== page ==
News / Europe

Groundbreaking Ceremony for US Missile Defense Facility Held in Romania

Groundbreaking Ceremony for US Missile Defense Facility Held in Romaniai
X
October 29, 2013 4:44 AM
US defense plans for Europe also call for facilities in the Czech Republic and Poland, with missile defense radar deployed in Turkey.
Groundbreaking Ceremony for US Missile Defense Facility Held in Romania
Zlatica Hoke
Romania and the United States have inaugurated a military site that will be part of the NATO missile defense system that protects Europe from attack. Russia has vigorously opposed having a U.S. missile system so close to its borders, and a Russian analyst told VOA that Moscow is sure to retaliate. 
 
The land-based missile defense facility is located in a former air base near Deveselu village, 180 kilometers east of Romania's capital, Bucharest. U.S. Under Secretary of Defense for Policy James Miller attended the groundbreaking ceremony there on Monday.
 
"When phase two is completed here in the 2015 time frame, Europe will be safer, U.S. forces will be better protected, Romania will be safer, and the NATO alliance will be stronger," said Miller.
 
Romanian President Traian Basescu also attended the ceremony.
 
"Romania enters the club of NATO member states that will ensure one of the most perfect solutions to protect European and American citizens against the real threat represented by an attack with ballistic missiles," said Basescu.
 
U.S. defense plans for Europe call for facilities in the Czech Republic and Poland, with missile defense radar deployed in Turkey. U.S. and NATO officials have said the system is intended strictly for protection of Europe from possible attacks by Iran or North Korea.
 
Russian President Vladimir Putin has vigorously opposed the plan over the years, saying it undermines Russia's deterrence capabilities.
 
"We think that there is no reason for placing an anti-missile system in Europe. And our military experts believe that this system will cover the territory of the Russian Federation up to the Urals," said Putin.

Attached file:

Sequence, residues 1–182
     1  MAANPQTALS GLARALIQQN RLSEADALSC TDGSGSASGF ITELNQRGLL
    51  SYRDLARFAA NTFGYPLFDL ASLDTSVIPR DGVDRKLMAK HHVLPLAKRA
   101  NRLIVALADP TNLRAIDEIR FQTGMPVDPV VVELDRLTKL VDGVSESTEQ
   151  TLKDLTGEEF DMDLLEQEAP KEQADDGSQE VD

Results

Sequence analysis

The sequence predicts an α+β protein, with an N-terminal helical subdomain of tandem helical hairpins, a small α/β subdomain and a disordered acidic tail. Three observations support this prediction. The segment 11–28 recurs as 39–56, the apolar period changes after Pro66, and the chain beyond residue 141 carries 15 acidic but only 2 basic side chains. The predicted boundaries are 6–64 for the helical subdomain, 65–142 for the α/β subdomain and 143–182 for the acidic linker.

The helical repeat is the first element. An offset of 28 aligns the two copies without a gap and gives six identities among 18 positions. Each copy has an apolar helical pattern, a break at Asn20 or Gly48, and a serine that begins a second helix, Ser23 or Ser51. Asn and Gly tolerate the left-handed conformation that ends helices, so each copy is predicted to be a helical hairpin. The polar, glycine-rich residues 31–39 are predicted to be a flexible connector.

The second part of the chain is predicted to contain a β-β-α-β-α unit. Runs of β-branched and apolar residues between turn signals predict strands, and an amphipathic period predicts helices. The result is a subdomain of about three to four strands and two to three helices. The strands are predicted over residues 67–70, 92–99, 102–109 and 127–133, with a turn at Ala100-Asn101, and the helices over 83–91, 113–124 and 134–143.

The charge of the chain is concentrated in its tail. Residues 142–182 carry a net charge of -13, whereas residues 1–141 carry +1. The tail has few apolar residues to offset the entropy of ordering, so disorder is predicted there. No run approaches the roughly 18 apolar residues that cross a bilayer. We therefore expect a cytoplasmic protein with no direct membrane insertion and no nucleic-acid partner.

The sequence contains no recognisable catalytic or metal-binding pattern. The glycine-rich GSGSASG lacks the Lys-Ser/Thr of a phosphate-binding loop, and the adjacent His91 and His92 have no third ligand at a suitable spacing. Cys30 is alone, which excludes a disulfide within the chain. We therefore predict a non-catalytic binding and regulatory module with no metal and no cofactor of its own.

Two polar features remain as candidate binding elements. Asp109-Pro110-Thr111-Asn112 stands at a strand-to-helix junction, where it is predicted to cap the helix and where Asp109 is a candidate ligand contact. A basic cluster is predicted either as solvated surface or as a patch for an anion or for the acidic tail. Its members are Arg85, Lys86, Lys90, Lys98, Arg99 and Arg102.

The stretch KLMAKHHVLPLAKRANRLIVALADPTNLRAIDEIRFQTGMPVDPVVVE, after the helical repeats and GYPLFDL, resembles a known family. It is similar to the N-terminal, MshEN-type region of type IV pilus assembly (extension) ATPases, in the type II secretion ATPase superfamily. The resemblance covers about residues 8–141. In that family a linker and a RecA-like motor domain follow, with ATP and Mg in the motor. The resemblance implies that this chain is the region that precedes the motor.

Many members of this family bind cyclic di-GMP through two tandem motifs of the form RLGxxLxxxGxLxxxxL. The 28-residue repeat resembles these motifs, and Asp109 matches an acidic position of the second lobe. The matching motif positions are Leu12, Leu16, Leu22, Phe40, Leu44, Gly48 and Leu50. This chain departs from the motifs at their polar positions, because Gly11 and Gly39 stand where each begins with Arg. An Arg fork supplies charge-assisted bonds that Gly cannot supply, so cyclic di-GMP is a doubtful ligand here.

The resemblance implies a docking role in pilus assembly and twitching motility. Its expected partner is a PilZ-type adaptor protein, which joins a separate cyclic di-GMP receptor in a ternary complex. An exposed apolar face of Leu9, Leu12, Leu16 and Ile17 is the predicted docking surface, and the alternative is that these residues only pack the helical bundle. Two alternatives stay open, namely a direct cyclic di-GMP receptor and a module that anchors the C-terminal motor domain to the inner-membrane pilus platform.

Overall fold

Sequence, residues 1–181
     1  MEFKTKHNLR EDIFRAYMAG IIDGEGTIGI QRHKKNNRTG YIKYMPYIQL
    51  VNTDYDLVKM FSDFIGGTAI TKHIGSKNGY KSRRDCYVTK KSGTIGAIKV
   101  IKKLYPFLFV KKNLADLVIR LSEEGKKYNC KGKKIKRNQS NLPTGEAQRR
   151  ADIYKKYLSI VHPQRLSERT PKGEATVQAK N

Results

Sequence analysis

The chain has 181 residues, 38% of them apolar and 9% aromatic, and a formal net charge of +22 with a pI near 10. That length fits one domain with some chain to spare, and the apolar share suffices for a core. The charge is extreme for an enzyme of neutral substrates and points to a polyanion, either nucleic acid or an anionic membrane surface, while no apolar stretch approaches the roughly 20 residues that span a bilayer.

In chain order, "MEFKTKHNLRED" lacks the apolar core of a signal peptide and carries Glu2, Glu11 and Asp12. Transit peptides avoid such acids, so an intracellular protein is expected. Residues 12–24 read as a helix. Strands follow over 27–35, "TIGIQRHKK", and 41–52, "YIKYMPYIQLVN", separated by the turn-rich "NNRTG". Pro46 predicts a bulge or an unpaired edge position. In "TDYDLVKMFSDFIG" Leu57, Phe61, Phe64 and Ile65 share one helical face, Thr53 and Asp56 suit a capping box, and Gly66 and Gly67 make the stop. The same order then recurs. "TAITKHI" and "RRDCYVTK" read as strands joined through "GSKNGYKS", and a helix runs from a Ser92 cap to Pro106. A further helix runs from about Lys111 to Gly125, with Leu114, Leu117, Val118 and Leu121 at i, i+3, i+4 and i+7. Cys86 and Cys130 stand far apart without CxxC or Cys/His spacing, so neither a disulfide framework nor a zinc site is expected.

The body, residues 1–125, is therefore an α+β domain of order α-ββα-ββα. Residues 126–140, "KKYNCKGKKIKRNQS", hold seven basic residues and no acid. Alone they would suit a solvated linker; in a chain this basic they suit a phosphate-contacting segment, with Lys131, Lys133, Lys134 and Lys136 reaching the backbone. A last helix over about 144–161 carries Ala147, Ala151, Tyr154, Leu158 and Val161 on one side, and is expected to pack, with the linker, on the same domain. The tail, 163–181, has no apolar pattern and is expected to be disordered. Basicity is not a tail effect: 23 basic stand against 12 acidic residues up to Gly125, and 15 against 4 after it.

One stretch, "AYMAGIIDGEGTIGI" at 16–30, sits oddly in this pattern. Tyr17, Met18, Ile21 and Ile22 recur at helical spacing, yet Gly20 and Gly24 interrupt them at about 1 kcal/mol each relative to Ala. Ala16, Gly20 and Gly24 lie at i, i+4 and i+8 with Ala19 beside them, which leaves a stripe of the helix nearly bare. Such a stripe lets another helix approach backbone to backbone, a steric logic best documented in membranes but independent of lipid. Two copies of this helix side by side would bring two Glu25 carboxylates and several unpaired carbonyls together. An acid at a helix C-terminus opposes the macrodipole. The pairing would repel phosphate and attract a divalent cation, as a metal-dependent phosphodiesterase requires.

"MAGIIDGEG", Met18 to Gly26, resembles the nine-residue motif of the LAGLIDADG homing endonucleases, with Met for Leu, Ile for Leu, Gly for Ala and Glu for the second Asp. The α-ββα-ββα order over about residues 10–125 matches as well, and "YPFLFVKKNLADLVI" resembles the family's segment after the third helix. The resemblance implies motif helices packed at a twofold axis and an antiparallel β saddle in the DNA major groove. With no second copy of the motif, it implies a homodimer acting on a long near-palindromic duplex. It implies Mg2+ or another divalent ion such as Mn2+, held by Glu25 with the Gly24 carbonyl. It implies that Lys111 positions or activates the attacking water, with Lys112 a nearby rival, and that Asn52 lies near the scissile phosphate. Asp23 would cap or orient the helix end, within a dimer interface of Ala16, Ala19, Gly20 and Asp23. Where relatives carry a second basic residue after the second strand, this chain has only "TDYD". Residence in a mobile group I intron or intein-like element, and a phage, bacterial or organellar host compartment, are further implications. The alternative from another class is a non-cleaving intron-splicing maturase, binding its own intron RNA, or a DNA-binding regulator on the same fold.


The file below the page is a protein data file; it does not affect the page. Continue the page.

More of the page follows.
NATO defense plans have been modified several times to allay Russia's concerns, but the United States has rejected Moscow's demands for legal guarantees that U.S defense facilities in Europe would not target Russia's nuclear deterrence forces.
 
Russia analyst Peter Eltsov told VOA that most people in Russia think the U.S. missile system is aimed exclusively against their country.
 
"The majority of Russian people today are also, I think, convinced that this is not against Iran or this is not against North Korea because it's on the Russian border.  So many people in Russia actually will support some kind of response on the side of Putin and his government," said Eltsov.
 
Officials in Moscow have said they will respond very "sharply" to any U.S. deployment near Russia's borders or shores.  Eltsov says verbal rebukes are likely to be followed by political and military moves.
 
"They may try to increase military presence in Kaliningrad, which is closest to Europe. They may also try to do something with southern American countries which are not friendly to the U.S. government -- some joint military effort. And of course, it may have some effect on the Russian policy in Syria - more support for [Syrian President Bashar al-] Assad, and more support for any anti-American regimes in the world," explained Eltsov.
 
The development of the U.S. and NATO anti-ballistic defense system is planned in four phases, with the last one slated for completion in the 2020 time frame.

You May Like

Video One Year After Thai Coup, No End in Sight for Military Rule

Since carrying out the May 22, 2014 coup, the general has retired from the military but is still firmly in charge More

Video Afghan Economy Sinks As Troops Depart

Afghans are grappling with how exodus will affect country's fragile economy More

Video Scientists Say We Need Softer Robots

Today’s robots are mostly hard, rigid machines, with sharp edges and forceful movements, but researchers at Carnegie Mellon University say they should be softer and therefore safer More

This forum has been closed.
Comments
     
There are no comments in this forum. Be first and add one

Featured Videos

Your JavaScript is turned off or you have an old version of Adobe's Flash Player. Get the latest Flash player.